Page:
Spark The Fire

Album: single release only (2014)


  • This is one of several tracks that was produced by Stefani's fellow Voice mentor and longtime collaborator Pharrell for her third solo album. Speaking with AMP radio's Carson Daly, the singer explained the story of the song. "He's like, 'I've got to play you this. I have to play you this,'" she said. "And so he plays me this song, and it's like magic. All it was was a beat and he was singing this melody on top and I just knew, that's it. That night, after shooting all day, we went in the studio all night long, stayed up till four in the morning, came back, got on set and then didn't finish."

    Stefani added that completing the song was a challenge, given their busy schedules. "I met him in New York at my fashion show after working all week, and again, we went into the studio all night long," she said "didn't finish, but had these incredible songs coming out, so he came off of tour from Europe, met me in Miami, and we finished the song."
  • A snippet of the song was premiered by Gwen Stefani on AMP Radio on October 20, 2014. Pharrell then played the track as part of a live performance during the Odd Future Carnival in early November 2014. The singer-producer played the tune from his cell phone and explained that it addresses feminist issues.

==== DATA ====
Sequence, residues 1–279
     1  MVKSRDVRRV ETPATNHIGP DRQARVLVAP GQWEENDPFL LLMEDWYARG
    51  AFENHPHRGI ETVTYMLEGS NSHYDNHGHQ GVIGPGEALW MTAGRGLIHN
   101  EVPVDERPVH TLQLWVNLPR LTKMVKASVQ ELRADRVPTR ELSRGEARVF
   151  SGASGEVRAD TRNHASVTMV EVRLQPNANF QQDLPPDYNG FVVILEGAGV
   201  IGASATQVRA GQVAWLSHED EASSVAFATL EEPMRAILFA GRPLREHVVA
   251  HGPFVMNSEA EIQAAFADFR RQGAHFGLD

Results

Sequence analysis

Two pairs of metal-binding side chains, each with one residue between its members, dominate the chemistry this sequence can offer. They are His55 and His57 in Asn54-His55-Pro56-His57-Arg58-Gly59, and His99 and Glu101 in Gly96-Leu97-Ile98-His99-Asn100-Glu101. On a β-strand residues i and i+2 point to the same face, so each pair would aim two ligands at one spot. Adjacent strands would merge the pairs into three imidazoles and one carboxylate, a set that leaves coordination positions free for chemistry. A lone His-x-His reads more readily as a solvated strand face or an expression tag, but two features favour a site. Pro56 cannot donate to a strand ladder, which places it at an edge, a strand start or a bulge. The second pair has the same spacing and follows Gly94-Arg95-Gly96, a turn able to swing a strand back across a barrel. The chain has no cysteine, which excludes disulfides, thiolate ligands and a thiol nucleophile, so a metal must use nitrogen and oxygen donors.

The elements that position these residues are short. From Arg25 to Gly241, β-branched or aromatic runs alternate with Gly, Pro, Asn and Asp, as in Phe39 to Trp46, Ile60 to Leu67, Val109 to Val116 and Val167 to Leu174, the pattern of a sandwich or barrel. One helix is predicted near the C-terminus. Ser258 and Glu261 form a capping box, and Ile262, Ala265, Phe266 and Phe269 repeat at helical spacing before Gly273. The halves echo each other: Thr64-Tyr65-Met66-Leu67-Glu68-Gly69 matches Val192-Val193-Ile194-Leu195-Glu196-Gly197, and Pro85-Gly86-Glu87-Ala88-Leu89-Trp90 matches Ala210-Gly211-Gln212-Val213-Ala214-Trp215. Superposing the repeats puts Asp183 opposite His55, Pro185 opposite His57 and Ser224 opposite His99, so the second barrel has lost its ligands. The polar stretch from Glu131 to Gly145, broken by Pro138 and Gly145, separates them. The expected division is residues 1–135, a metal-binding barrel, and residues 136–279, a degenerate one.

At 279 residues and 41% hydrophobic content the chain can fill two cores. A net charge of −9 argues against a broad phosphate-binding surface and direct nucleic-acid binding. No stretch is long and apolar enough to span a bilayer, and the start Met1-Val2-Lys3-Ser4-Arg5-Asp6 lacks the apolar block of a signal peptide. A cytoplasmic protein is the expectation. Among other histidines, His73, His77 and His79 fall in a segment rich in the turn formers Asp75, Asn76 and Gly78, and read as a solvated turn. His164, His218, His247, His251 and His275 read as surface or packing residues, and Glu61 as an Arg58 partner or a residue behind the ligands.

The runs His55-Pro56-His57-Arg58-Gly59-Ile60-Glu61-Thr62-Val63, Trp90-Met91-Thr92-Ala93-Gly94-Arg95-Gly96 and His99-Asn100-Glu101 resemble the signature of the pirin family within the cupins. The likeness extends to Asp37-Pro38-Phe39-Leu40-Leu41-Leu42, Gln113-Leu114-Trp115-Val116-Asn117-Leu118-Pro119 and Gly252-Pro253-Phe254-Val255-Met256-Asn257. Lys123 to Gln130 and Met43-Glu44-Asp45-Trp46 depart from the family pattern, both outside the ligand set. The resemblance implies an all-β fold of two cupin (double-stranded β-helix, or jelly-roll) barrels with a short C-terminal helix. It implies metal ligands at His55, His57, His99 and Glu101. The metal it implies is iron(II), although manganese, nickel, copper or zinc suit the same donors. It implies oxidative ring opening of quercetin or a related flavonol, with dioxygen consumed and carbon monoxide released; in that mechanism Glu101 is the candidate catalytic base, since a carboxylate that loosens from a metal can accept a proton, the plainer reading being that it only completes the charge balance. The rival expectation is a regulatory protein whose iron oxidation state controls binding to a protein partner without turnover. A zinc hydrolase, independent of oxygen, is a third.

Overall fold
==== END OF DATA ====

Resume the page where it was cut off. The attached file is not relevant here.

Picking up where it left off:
• Gwen Stefani interpolates the Rolling Stones famous "hey, get off my cloud" lyric during the pre-hook portion of the song. The No Doubt frontwoman was a surprise guest on the opening night of the Stones' 2013 50 And Counting tour.
  • In the video produced by her longtime collaborator Sophie Muller, Stefani cruises over an animated city from atop a cloud and parties with characters in a nightclub.
  • Musician-turned-hair-stylist Richard Morrill filed a lawsuit in January 2017 claiming that this song's chorus bears musical and lyrical similarities to his funk metal band L.A.P.D.'s 1996 track "Who's Got My Lightah." (L.A.P.D. later became the rock outfit Korn).

    Morrill stated that he played Stefani the song when he was coloring and styling her hair. She liked it and he gave her a CD containing the tune. Many years later, the hair stylist was surprised to hear what he feels is an interpolation of his "Who's got my lightah? Who got the fire?" lyrics on the chorus of "Spark The Fire," as well as a similar rhythm, melody and background music. Morrell's suit sought damages, a share of the profits and acknowledgment that the copyright of the track was infringed.

    Judge Dolly M Gee dismissed the case in October 2018 on the basis that the two songs were not sufficiently similar to constitute copyright infringement.


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